Saeed claimed the US move was prompted by the fact that he had been organizing rallies against the reopening of NATO supply lines through Pakistan, which were closed after a cross-border attack that killed 24 Pakistani soldiers in November.

India's Ministry of External Affairs says the government welcomes the U.S. bounty on Saeed, who is one of India's most wanted fugitives.

The ministry statement said the move reflects the commitment of India and the U.S. to bringing the perpetrators of the Mumbai attack to justice and sends a "strong signal" to Lashkar-e-Taiba that the international community remains united in combating terrorism.
U.S. officials have also announced a $2 million bounty for the group's deputy leader, Hafiz Abdul Rahman Makki.

Hafiz Mohammad Saeed founded Lashkar-e-Taiba in the 1980s, allegedly with Pakistani support to pressure archenemy India over the disputed territory of Kashmir. Pakistan banned the group in 2002 under pressure from the U.S., but it operates with relative freedom — even doing charity work using government money. The U.S. has designated Lashkar-e-Taiba and its social welfare wing Jamaat-ud-Dawwa as foreign terrorist organizations. Intelligence officials and terrorism experts say the group has expanded its focus beyond India and has plotted attacks in Europe and Australia. Some have called it "the next al-Qaida" and fear it could set its sights on the U.S. The bounties were posted on the U.S. State Department Rewards for Justice Website late Monday.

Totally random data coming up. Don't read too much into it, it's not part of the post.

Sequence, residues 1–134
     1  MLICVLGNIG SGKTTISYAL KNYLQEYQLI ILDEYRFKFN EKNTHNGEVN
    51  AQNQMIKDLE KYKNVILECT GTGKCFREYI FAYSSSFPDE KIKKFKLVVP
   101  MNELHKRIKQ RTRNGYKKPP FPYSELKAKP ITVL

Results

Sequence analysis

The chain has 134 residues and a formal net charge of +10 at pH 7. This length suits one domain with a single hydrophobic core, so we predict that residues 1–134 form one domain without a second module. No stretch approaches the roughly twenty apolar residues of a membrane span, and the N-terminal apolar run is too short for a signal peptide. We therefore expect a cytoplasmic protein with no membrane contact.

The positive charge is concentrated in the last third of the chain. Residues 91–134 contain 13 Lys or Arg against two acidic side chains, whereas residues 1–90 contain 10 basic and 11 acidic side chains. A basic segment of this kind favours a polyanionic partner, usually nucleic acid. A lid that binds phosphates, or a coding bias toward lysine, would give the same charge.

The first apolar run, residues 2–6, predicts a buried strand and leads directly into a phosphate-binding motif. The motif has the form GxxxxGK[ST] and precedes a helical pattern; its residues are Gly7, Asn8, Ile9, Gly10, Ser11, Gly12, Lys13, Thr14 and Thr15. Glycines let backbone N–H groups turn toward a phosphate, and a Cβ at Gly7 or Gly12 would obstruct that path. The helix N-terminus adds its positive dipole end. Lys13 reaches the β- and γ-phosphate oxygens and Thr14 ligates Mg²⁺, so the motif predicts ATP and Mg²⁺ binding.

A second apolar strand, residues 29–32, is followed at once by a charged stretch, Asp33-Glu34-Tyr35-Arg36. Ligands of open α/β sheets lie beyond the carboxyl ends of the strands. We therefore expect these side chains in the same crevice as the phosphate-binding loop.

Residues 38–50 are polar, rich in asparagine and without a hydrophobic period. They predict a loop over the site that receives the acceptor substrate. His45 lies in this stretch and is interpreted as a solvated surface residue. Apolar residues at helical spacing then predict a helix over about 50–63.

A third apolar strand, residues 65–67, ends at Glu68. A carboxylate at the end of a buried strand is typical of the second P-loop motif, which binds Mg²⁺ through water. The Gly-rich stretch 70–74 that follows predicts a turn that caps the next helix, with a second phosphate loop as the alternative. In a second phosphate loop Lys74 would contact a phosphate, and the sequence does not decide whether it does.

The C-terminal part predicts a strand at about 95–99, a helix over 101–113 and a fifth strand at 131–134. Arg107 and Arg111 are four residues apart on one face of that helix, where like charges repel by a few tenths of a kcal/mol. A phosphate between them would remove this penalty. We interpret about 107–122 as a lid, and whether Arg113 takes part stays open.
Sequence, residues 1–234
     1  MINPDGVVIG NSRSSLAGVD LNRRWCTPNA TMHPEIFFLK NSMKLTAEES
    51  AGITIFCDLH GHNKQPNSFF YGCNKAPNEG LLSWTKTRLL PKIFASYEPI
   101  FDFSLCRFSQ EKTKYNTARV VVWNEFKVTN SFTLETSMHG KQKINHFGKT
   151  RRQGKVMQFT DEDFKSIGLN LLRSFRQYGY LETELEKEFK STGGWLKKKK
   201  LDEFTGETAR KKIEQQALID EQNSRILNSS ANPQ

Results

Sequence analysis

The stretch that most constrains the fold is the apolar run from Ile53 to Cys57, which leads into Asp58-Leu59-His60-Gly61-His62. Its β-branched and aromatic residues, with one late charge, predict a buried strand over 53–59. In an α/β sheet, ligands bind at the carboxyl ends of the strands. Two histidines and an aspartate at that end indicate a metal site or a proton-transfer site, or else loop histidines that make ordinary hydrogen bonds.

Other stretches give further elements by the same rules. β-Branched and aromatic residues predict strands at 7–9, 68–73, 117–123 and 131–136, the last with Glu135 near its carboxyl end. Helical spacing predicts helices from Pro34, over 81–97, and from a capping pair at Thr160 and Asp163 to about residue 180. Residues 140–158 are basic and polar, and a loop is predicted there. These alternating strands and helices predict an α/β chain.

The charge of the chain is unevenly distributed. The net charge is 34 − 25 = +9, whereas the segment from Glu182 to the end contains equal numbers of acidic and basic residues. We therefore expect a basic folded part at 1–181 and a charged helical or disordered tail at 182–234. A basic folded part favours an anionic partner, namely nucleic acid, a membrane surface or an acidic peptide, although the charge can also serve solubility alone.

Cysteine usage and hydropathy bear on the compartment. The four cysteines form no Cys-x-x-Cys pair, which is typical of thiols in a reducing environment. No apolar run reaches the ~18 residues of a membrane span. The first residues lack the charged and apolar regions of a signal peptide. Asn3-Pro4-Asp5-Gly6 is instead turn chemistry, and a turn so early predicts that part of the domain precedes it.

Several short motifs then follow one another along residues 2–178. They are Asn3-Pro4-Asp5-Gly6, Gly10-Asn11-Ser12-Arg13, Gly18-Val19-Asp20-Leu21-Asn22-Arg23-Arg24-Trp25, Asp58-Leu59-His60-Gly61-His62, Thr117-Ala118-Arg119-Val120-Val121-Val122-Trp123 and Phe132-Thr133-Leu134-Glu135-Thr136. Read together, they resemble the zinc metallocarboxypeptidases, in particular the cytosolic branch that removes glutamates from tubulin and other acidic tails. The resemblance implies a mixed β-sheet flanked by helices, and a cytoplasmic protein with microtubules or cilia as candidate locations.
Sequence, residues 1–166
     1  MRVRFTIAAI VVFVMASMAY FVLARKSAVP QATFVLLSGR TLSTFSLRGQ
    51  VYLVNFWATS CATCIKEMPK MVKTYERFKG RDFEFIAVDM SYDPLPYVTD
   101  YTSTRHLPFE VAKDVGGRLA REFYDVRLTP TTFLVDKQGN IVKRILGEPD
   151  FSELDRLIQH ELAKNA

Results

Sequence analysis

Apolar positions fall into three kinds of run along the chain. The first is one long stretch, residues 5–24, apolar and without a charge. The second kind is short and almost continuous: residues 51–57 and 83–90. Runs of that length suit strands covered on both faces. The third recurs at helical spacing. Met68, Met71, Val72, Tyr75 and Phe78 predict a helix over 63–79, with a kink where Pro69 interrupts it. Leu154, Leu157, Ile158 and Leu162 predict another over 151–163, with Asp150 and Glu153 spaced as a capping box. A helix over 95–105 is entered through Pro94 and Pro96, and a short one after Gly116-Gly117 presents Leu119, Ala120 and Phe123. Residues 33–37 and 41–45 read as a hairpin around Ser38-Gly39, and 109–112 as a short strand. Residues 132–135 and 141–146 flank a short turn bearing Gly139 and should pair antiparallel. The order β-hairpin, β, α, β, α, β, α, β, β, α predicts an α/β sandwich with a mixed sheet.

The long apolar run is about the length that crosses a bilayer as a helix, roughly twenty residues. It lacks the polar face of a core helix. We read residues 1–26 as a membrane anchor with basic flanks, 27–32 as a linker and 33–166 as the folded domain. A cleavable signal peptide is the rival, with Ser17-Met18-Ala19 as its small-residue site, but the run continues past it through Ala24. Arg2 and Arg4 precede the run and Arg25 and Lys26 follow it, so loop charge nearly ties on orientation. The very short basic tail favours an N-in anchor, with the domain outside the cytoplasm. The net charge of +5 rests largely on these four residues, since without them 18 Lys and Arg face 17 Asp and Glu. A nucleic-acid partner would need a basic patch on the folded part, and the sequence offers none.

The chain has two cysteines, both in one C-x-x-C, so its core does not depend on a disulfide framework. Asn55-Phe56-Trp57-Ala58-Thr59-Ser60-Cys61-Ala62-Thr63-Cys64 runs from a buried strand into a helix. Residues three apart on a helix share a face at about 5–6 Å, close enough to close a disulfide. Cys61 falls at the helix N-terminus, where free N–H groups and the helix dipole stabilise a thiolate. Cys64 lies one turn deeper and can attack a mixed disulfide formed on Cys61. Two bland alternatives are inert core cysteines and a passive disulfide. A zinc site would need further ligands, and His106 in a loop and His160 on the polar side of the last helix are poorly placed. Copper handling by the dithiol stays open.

The move comes at a particularly tense time in the troubled relationship with the U.S. and Pakistan. Pakistan's parliament is currently debating a revised framework for relations with the U.S. in the wake of American airstrikes in November that killed 24 Pakistani soldiers at two posts along the Afghan border. Saeed has been particularly high-profile over the last few months as part of the leadership of the Difa-e-Pakistan, or Defense of Pakistan Council, which has held a series of large demonstrations opposing the resumption of NATO supplies and reconciliation with India. Lashkar-e-Taiba, which means Army of the Pure, belongs to the Salafi movement, an ultraconservative branch of Islam similar to the Wahabi sect — the main Islamic branch in Saudi Arabia from which al-Qaida partly emerged. Lashkar-e-Taiba and al-Qaida operate separately but have been known to help each other when their paths intersect.

Analysts and terrorism experts agree that Pakistan's intelligence agency, known as the ISI, is still able to control Lashkar-e-Taiba, though the ISI denies it.

It carries out charitable works in scores of villages — partially funded by the Punjab provincial government. It has used national disasters, such the devastating floods in 2010, as recruitment and fundraising opportunities.

Pakistan's tolerance of Lashkar-e-Taiba is rooted in its fear of neighboring India, with which it has fought three wars in 65 years. Analysts believe Pakistan still sees the group as useful in pressuring India, especially over Kashmir.